• Measurements related to area: There are none on the table I think you're looking at, but these would be measured in units like square feet, square inches, etc. An example (made up, not from your table) would be the total area of the wings or the belly, because that might determine how many garments or suits of armor you could make.

  • Measurements related to volume or weight: Measurements of volume will have units like cubic feet, cubic inches, etc. Measurements of weight (or mass) will have units like pounds, kilograms, ounces, etc. For the purposes of this answer, volume and weight are treated the same.

Second, the procedure:

  1. Determine the closest row in the table to what you want. In this case, you want an overall length of 56 feet, and the closest row in the table is 55 feet. See caveat below.

  2. Determine a "linear scaling factor" as follows: divide your desired value by closest value. If your desired value is larger, the scaling factor will be greater than one, otherwise it will be less than one. In this case, 56/55 = 1.018 after rounding off.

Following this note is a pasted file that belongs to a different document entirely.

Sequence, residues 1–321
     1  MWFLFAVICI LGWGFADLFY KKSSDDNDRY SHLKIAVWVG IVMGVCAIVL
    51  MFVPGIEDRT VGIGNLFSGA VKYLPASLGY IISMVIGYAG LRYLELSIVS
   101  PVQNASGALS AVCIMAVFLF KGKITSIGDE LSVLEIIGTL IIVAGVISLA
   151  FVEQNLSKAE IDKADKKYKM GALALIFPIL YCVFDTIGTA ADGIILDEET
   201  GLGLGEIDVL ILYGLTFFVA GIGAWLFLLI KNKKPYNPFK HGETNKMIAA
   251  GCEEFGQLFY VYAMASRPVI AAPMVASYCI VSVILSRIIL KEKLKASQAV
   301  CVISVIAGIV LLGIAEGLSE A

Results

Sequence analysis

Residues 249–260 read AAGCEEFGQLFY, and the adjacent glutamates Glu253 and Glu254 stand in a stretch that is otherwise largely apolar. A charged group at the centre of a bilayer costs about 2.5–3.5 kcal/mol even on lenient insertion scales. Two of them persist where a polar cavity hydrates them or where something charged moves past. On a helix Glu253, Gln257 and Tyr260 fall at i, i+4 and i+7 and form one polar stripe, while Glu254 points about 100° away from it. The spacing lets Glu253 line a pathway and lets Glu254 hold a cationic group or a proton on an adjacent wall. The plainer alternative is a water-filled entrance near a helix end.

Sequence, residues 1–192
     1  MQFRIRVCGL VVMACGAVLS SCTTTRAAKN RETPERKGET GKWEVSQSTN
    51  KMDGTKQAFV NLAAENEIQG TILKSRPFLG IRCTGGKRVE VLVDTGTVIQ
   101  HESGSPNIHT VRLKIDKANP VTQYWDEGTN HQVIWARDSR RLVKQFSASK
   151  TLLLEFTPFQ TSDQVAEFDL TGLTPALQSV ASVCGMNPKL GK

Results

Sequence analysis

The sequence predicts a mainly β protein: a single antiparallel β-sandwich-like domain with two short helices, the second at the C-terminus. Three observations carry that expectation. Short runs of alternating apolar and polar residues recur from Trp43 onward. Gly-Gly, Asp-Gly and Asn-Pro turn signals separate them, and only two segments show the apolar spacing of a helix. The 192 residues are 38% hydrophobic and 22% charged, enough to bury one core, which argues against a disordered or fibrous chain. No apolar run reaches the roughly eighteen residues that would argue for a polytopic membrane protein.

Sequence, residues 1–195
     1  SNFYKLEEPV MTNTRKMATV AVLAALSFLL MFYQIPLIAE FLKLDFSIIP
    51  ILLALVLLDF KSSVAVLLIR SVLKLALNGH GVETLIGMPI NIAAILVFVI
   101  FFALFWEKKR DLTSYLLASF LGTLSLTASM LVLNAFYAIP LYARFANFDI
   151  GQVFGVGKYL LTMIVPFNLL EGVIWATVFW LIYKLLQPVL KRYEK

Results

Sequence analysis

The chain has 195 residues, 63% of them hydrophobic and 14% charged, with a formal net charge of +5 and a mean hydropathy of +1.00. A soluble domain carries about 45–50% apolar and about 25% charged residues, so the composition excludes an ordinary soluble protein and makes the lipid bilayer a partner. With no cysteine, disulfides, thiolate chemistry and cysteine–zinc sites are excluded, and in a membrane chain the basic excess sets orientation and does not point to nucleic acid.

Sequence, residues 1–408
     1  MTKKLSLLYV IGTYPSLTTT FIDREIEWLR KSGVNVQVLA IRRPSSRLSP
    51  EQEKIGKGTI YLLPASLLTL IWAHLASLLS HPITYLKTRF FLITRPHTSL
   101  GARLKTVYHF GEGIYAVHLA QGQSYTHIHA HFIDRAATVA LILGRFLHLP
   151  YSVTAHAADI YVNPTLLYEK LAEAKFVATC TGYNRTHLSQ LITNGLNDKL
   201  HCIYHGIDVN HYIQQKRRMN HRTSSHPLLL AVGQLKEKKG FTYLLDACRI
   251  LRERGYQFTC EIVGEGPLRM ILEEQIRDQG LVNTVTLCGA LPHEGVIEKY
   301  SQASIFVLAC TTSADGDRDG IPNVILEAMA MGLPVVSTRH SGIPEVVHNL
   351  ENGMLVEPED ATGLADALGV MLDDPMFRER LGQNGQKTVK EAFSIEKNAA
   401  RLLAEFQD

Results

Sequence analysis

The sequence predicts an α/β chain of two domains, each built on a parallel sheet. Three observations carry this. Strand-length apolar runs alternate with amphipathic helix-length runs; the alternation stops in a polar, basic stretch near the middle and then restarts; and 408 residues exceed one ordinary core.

3. For each "length measurement" in the closest-to row, multiply by your scaling factor. So the neck length in the row for 55 ft is 15 ft. Take that and multiply by your scaling factor to get 15.27 ft.

  4. For each "area measurement" in the closest-to row, multiply by your scaling factor twice. You don't have any in that table, but if you had a "wing area" measurement of 2700 square feet, you would multiply by 1.018 twice to get 2799 square feet. (Another way to say this is that you are multiplying by the square of your scaling factor.)